Immigration stats are bad news for the Government, but worse news for Britain

Reducing the number of foreign students runs directly against the UK's best interests

Share
Related Topics

Today’s immigration statistics show that the number of international students coming to the UK is continuing to decline. Back in 2010, 245,000 young people travelled to study in the UK. Three years on, the number has nose–dived to just 176,000.

International students are vital to the UK. The Department of Business Innovation and Skills has estimated that they contribute over £13 billion to the UK economy each year. This vital funding pays for new facilities in university labs and ensures the viability of subjects like maths and engineering. International students generate 70,000 jobs in towns and cities throughout the UK and they build crucial links with emerging economies like China.

International education is also a booming global industry. The number of international students grew by 23 per cent between 2005 and 2009 alone. In response, the UK’s competitors like Australia, the US and France are streamlining their visa processes and putting together a package to entice globally mobile young people to study in their institutions. Sweeteners include the ability to stay on in the country to gain work experience for a few years or to support themselves by working alongside their studies.

But the UK has done the opposite. The UK’s ‘post-study work’ route was closed in 2011. Application requirements have been made more convoluted. Meeting regulations to sponsor international students costs the higher education sector £67 million a year and is forcing providers out.

The Government claims that reductions in numbers are a result of tough action against ‘bogus students’. But the Home Office’s own analysis shows that ‘bogus students’ only account for a small part of this reduction. Analysis by UKBA in 2010 identified a maximum of 2% of students at institutions with highly trusted sponsor status were ‘potentially non-compliant’ with their visas (meaning that they were either not studying or not known to have left the country when their visa expired). Abuse was a problem in the past. But there is limited evidence that it has been a problem recently.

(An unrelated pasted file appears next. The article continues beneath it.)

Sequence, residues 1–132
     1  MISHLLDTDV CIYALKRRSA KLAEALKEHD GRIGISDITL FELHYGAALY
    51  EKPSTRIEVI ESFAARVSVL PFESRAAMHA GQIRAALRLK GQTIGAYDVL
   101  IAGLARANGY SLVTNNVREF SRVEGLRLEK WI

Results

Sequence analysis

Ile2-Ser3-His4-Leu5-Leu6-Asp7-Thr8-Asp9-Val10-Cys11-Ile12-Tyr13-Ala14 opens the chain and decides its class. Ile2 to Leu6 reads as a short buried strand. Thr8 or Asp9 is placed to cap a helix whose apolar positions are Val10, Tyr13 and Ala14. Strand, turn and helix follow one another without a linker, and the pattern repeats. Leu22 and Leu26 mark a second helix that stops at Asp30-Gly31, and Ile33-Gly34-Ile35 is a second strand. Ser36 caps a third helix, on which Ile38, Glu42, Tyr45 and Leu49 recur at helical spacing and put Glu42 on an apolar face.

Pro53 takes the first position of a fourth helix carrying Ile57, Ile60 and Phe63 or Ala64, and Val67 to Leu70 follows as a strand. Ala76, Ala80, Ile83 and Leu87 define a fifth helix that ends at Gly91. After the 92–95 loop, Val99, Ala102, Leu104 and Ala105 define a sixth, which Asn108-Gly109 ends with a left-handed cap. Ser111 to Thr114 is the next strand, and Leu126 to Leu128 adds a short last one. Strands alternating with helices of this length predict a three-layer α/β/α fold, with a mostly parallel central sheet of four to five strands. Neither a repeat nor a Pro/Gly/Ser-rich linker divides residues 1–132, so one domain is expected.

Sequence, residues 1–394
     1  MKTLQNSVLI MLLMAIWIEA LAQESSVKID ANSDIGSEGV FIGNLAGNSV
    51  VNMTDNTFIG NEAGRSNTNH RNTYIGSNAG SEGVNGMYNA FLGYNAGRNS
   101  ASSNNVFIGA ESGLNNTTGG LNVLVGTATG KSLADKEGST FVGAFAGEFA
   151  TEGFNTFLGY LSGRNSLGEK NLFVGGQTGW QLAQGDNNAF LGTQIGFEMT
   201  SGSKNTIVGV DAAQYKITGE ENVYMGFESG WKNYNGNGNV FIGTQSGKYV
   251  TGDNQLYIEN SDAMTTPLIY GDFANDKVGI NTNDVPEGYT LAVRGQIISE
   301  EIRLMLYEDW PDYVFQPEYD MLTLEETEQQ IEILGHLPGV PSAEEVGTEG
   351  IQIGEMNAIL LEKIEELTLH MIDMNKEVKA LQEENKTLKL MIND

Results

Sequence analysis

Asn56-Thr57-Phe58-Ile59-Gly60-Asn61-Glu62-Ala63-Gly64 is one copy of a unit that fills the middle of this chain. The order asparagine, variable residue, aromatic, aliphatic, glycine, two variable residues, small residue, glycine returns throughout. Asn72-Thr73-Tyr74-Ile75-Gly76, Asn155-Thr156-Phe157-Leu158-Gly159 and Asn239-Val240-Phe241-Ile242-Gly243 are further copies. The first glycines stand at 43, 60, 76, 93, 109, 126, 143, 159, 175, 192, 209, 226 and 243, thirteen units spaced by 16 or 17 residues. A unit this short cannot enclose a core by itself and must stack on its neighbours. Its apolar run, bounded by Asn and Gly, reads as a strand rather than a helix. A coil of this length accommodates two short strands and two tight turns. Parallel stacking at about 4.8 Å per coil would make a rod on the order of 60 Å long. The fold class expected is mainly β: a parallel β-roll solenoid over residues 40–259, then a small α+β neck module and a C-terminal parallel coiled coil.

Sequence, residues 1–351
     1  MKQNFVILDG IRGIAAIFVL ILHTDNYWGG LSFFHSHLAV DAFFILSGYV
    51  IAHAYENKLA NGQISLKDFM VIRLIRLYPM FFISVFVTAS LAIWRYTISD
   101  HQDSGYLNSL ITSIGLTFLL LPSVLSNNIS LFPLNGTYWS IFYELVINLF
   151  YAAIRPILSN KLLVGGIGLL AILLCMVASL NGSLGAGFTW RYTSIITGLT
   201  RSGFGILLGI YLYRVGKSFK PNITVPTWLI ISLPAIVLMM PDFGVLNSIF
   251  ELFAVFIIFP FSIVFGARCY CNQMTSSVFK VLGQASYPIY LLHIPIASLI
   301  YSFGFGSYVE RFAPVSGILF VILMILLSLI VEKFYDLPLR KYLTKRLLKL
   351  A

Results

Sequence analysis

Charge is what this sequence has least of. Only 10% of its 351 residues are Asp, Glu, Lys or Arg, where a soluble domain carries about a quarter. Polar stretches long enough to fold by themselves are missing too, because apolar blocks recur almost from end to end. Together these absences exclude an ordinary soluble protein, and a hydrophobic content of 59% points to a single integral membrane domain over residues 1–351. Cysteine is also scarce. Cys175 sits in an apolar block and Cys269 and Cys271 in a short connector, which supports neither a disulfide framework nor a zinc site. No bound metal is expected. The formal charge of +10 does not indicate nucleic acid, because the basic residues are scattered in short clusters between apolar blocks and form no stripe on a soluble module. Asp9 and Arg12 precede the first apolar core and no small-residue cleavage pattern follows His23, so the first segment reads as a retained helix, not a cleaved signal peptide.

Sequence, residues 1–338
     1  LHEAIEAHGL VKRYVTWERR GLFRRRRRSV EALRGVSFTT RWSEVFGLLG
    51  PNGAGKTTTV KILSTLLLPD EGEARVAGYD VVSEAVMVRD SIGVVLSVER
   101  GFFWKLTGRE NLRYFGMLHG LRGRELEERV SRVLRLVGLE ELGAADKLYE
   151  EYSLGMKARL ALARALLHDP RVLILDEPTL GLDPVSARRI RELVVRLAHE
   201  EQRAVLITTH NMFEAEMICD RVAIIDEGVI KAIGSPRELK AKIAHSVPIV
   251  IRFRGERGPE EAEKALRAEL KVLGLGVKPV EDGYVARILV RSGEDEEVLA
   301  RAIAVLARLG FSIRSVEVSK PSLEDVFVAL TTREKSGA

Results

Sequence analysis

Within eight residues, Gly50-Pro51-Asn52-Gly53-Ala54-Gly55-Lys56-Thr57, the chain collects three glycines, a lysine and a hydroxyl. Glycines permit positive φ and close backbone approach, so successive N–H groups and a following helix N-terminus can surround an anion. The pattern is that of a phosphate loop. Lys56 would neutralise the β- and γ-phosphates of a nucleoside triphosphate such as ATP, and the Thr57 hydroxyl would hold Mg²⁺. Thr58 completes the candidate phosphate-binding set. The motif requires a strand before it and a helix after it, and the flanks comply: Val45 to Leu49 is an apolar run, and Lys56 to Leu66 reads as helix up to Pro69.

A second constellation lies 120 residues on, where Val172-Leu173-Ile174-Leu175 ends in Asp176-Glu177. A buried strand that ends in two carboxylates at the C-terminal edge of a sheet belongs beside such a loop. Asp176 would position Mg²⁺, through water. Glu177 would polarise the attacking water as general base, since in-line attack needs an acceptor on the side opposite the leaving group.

The Government has made it harder to study in the UK in order to meet their target to reduce net migration from the hundreds to the tens of thousands by 2015. While there is an argument to be had about reducing migration for other reasons, reducing the number of genuine students is directly against the UK’s best interests and is causing profound damage to a vital export industry.

Today’s IPPR report sets out a package of measures to allow the UK to attract the brightest best while remaining strong against immigration abuse and ensuring that students contribute to life in the UK. Through improved work rules, more responsive oversight and greater involvement of BIS in rule setting the UK, can retain its reputation for quality international education. The government should commit to increasing the number of international students studying at British education institutions, because Britain needs them.

Jenny Pennington is a Researcher at IPPR

React Now

Latest stories from i100
Have you tried new the Independent Digital Edition apps?
iJobs Job Widget
iJobs General

Recruitment Genius: Web Marketing Specialist

Negotiable: Recruitment Genius: One of the UK's leading Renewable Energy compa...

Ashdown Group: Data Warehouse & Business Intelligence Co-ordinator

£35000 per annum: Ashdown Group: Required skills include SQL querying, SSRS, u...

Ashdown Group: C#.Net Developer - C#, ASP.Net, PHP, HTML, JavaScript, CSS

£30000 - £35000 per annum: Ashdown Group: C#.Net Developer - C#, ASP.Net, HTML...

Argyll Scott International: Senior Business Analyst- Insurance

Negotiable: Argyll Scott International: Senior Business Analyst - Insurance ...